SE101: Smishing Attack Overview and Breakdown

‘Smishing’ is a blended word comprised of "SMS" (short message service)and "phishing." In short, it's a social engineering attack vector that leverages text messages to deceive individuals into taking several actions (outlined later in the post).

SE101: Smishing Attack Overview and Breakdown

Following on from the SE:101 Series created by Chris Pritchard, featuring blogs post by both Chris and I, this is the latest post in the series, which covers ‘Smishing’, a lesser known, but highly prevalent social engineering attack vector.

What exactly is ‘Smishing’?

Common tactics employed in smishing attacks include masquerading as reputable entities, such as banks, government agencies, or well-known service providers, family and friends. These messages often contain links or phone numbers that, when interacted with, can lead to the compromise of personal information or the installation of malware.

Given the prevalence of mobile devices in our daily lives, smishing has become an increasingly favoured tactic among cybercriminals. As such, it is imperative that we remain vigilant and educate ourselves, our colleagues, family and friends on recognizing, and avoiding such deceptive messages to safeguard our sensitive information, or in the case of business, its proprietary and customer information.

So how does ‘Smishing’ work at a high-level?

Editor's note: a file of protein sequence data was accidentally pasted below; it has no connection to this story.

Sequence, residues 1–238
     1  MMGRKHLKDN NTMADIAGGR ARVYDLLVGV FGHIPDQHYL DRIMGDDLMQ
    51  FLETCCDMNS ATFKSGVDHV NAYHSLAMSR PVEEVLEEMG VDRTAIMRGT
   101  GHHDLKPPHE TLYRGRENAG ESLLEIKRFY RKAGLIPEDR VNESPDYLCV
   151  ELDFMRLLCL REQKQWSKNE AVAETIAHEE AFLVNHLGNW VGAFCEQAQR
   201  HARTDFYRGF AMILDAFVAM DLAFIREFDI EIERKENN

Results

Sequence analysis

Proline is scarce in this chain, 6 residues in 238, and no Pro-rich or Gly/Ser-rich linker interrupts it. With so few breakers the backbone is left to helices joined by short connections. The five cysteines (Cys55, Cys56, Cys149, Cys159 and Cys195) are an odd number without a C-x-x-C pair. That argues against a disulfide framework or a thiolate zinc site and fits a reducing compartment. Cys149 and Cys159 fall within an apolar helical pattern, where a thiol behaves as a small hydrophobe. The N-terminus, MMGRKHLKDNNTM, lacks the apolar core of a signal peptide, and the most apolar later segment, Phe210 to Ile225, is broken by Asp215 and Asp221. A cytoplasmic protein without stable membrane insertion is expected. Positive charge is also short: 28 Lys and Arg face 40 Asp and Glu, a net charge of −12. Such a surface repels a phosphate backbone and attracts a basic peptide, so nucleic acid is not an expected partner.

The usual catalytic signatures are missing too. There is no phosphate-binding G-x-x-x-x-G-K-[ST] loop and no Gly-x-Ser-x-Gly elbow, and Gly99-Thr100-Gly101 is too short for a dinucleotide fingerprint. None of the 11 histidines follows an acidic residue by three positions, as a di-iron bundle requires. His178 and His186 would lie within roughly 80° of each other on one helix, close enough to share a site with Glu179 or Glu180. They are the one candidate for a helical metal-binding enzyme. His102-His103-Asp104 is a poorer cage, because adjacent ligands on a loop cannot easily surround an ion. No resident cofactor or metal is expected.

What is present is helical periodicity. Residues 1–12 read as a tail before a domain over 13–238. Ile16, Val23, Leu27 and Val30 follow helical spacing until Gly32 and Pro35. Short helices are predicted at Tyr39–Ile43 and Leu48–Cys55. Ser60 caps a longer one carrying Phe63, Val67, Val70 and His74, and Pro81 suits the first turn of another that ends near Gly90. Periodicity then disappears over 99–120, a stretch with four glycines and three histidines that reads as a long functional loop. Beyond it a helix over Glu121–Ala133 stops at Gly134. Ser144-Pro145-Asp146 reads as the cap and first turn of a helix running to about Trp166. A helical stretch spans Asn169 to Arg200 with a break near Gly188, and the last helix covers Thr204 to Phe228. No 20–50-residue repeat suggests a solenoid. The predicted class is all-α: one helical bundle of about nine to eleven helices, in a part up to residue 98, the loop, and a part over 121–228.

Well, this is a form/variant of a ‘phishing’ attack, in which an attacker uses a compelling text message to lure, build rapport and ultimately trick the targeted recipient(s) in to the doing any or all of the following:

  • Clicking a link which will have malicious intent or consequences
  • Sending the social engineer/threat actor private information
  • Sending the social engineer/threat actor financial information
  • Making a purchase for gift certificates/store cards e.g. Amazon, Apple…
  • Downloading malicious programs/software to a smartphone or other hardware devices

It is worth noting that the social engineer/threat actor, or the ‘Smisher’ as we’ll now refer to them, may use your actual name and location to address you directly. Using these details make the pretext of any message more compelling for the recipient.

Lets Breakdown a 'Smishing' Attack

The following breakdown is taken from an actual ‘Smishing’ attack which targeted an individual using the pre-text or ‘lure’ of urgency and a position of authority. I should point out, at this stage, that the smishing attack featured, was ultimately unsuccessful, due to the security awareness of the targeted individual and their ability to challenge politely but firmly.

Using the following image, which depicts the ‘Smishing’ attack message exchange, we can break down the ‘Smishers’ approach/methodology.